Top 3 Things You’ll Learn
- How to gain greater visibility into high-cost prescription drug claims
- How manufacturer copay assistance programs help employers maximize pharmacy dollars
- Why more employers are offering traditional health plan benefit options to their employees
Health benefit costs are not slowing down. Despite public outcry and legislative attempts to manage health care spending, costs continue to rise at twice the rate of wage increases and 3x general inflation. Pharmacy accounts for 19% of total health spending, with an average of $116 per member each month. Employees in high-deductible health plans will find medication costs especially concerning as they must pay out-of-pocket until their deductible is met. If you’re an employer reconsidering your plan options, implementing strategies that provide greater visibility can help you see how your pharmacy dollars are being spent.
Among the top 3 strategies employers used to manage health spend in 2019 are focusing on high-cost Rx claims, adding copay accumulator programs, and scaling back CDHPs. These are still viable going into 2020 and beyond to help employers lower healthcare benefit costs.
Top Employer Strategies for 2019
A survey conducted by the National Business Group on Health (NBGH) revealed the top strategies employers planned to use in 2019 to help curb their health care costs. Here are the top three:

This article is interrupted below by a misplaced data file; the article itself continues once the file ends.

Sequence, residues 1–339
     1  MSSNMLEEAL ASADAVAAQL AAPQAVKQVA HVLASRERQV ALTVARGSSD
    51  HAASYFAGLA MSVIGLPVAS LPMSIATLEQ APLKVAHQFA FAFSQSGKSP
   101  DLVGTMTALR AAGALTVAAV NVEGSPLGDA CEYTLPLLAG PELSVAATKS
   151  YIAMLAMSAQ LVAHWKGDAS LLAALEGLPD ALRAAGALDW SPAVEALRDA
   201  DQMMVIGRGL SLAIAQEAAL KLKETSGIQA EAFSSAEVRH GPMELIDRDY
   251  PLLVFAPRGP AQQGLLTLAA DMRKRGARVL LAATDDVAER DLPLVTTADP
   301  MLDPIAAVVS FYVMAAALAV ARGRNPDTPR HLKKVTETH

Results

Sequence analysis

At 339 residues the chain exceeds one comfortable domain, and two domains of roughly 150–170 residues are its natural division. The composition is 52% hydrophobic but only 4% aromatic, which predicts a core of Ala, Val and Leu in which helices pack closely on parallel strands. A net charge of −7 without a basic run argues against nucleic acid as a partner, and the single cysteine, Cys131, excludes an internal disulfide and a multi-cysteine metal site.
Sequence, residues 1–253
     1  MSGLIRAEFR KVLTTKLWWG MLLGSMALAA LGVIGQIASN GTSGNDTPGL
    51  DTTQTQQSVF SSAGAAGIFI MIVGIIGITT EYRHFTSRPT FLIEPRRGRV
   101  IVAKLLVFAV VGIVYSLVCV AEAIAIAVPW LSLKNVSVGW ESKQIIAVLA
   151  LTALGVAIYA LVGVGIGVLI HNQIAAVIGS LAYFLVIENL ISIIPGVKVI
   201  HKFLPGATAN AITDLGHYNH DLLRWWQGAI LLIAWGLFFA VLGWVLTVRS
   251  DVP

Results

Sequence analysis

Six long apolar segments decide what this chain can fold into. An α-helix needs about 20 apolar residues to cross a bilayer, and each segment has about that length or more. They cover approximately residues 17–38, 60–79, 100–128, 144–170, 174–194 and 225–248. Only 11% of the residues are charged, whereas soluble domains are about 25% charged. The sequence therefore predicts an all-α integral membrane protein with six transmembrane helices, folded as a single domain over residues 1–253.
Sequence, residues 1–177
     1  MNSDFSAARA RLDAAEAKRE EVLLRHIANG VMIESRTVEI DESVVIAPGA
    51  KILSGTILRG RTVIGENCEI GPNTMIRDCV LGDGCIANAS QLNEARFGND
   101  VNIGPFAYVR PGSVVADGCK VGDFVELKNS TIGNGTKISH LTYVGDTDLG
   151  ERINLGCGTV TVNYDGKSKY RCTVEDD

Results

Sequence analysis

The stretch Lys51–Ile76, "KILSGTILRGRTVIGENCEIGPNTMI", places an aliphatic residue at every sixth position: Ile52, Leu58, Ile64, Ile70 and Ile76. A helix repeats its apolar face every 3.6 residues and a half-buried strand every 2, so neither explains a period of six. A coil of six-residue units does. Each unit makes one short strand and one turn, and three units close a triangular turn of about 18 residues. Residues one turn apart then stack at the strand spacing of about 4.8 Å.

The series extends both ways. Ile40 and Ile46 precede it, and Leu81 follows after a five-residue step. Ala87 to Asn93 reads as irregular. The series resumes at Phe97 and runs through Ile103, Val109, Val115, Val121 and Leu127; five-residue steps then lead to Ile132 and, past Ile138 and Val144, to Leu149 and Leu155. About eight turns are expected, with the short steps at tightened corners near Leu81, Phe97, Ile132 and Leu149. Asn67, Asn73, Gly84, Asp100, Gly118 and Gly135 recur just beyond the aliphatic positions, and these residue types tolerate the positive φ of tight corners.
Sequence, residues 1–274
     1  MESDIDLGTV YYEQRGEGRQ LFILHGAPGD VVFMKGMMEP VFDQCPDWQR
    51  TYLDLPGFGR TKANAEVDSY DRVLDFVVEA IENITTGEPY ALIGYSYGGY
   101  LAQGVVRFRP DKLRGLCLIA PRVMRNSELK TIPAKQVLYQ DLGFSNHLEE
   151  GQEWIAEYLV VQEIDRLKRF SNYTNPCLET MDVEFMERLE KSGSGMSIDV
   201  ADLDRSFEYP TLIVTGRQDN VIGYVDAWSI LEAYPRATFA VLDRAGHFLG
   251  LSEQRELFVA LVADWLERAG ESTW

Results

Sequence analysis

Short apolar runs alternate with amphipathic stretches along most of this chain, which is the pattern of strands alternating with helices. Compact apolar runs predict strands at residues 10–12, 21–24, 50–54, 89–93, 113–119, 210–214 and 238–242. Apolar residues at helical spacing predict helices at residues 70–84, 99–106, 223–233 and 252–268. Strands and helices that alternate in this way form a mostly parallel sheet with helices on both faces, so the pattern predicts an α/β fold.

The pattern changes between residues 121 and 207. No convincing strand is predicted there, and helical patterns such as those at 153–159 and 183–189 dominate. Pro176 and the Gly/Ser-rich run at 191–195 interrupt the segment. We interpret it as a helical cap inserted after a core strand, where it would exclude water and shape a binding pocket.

- Focusing on high-cost claims – Brand-name and specialty medications now account for almost 50% of drug spend, while accounting for less than 2% of pharmacy claims. This trend is the reason that 64% of employers are establishing more aggressive utilization management programs, such as requiring prior authorization, step therapy, and quantity limits. Such strategies provide insight into clinical appropriateness of prescribed medications and protect the plan against unnecessary spending on high-cost drugs – and have minimal impact on the employee population.
- Implementing copay accumulator protection programs – The growth of drug manufacturer-provided copay assistance cards or drug coupons has created a problem for employers. NBGH found that more employers are implementing copay accumulator protection programs to provide support for high-cost specialty drug costs while ensuring that any applied assistance funds do not count toward plan deductibles or out-of-pocket maximums.
- Dialing back consumer-directed health plan (CDHP) options – NBGH reports a 9% reduction in the number of employers offering CDHPs as a sole option in 2019, showing that employers want to add more choice back into their plan options. By offering traditional health plans and $0 copayments for preventative medications, and contributing more to their employees’ HSAs, your clients can help lessen the pain of high deductibles while maintaining incentives for cost-conscious spending.
Learn more about prescription drug trends driving high costs for employers and other strategies used to combat those cost-drivers in our e-book, The Definitive Guide to Optimizing Pharmacy Benefits.